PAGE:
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3 of 4 people found the following review helpful By Jamie Williams on July 28, 2003
Format: DVD
In 1978, film professor/filmmaker Roy Frumkes wrote, produced & directed Document of the Dead chronicaling indepedent filmmaker George A. Romero. Filmed over one long weekend on the set of Dawn of the Dead, Frumkes conducts interviews with various members of the cast and crew, including Romero himself. Mixed with footage from Night of the Living Dead, Martin, Romero's modern-day vampire film, and Dawn of the Dead, the documentary tells it's own story concerning a little guy fighting the system. The little guy being Romero and the system being the modern film industry.
Simply put, this is one of the best documentaries concerning filmmaking. Going from pre-production to distribution, Document of the Dead covers all the grounds that Romero went through in order to get Dawn of the Dead on the silver screen. It's a treat particularly for Dawn fans being that it contains scenes not seen in any version of Dawn of the Dead and the now-legendary alternate ending is addressed. Also worth mentioning is Make-up Effects Artist/Stunt Cordinator/Actor Tom Savini at work creating zombies out of filmmaker Frumkes and his then-girlfriend.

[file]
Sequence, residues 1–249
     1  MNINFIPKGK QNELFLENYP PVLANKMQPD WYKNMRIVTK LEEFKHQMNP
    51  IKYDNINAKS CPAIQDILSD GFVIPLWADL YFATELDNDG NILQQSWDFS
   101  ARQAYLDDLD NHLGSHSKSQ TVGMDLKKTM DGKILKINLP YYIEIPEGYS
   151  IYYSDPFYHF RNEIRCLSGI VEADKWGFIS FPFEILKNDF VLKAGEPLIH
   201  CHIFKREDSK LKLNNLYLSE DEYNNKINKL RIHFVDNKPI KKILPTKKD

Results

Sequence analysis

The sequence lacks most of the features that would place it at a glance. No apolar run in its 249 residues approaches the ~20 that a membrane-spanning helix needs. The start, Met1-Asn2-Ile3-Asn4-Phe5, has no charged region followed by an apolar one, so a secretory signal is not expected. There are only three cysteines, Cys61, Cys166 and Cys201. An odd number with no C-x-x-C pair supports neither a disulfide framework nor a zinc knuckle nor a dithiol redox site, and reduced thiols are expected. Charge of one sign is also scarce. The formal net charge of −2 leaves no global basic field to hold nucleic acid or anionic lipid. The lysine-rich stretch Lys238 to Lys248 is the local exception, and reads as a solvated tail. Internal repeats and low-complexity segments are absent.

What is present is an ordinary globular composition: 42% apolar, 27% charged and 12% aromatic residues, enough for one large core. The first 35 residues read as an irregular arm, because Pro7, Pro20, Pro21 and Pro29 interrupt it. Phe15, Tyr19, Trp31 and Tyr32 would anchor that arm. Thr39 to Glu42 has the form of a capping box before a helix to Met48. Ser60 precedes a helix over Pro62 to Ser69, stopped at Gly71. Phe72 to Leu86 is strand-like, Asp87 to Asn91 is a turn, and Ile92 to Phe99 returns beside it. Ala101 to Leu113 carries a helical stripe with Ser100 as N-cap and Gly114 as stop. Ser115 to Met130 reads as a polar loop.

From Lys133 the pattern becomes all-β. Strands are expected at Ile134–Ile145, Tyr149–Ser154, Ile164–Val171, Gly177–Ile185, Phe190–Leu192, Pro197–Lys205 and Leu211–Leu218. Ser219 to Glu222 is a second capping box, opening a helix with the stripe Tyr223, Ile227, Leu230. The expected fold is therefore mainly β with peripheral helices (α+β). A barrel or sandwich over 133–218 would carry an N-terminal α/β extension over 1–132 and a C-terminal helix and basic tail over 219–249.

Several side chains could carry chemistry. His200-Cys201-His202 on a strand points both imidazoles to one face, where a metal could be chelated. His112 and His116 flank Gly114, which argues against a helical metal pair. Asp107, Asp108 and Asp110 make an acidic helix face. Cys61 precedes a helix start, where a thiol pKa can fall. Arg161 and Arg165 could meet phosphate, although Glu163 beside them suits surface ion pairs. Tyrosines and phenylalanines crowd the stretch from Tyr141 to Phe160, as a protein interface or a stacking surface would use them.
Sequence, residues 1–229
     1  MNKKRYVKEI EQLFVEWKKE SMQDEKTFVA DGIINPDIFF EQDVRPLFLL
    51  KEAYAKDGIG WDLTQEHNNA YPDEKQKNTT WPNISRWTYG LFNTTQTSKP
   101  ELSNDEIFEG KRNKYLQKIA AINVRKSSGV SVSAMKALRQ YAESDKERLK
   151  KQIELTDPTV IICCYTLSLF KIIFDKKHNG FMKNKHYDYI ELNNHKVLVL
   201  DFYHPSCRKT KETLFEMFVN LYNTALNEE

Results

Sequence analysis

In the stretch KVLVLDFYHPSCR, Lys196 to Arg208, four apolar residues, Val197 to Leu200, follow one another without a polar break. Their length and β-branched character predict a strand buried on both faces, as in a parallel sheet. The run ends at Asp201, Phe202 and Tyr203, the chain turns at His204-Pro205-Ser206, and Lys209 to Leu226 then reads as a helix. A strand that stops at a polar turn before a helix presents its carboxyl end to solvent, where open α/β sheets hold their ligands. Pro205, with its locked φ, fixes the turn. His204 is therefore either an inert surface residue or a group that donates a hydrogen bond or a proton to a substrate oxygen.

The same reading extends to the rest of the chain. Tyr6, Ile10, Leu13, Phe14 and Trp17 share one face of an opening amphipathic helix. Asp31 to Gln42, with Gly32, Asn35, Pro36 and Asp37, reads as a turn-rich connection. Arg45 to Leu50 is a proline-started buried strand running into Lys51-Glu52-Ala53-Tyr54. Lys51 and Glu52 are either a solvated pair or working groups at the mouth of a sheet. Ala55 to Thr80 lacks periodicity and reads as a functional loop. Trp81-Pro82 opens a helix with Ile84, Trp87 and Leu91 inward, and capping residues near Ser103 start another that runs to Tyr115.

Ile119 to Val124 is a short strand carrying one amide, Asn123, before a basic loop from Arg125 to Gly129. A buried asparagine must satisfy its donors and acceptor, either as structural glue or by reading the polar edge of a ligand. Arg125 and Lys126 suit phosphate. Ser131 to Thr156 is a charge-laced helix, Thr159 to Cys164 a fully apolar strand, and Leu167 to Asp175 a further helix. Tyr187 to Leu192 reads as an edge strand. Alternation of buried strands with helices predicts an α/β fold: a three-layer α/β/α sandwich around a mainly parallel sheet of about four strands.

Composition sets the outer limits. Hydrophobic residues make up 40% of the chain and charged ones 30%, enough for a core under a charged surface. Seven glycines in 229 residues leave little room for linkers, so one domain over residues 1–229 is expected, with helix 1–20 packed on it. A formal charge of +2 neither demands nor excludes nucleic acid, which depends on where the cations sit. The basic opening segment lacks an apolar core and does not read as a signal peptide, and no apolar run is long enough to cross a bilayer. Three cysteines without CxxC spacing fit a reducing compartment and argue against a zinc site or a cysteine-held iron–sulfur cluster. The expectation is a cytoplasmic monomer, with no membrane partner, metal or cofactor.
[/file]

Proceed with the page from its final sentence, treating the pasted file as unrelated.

My main complaint is the 4th Act/"10 Years Later..." segment shot on the set of Two Evil Eyes. The documentary was just fine chronicaling the first 10 years of Romero's career. Though, the footage/interviews aren't bad in any manner, the documentary worked better concerning Romero's attempts to make his films his way in Pittsburgh during the 1970s. Once the main story arc (Romero fighting for his cut of Dawn of the Dead for U.S. theatres and succedding with the film becoming a critical/commercial success!) ends, there's nowhere else to go.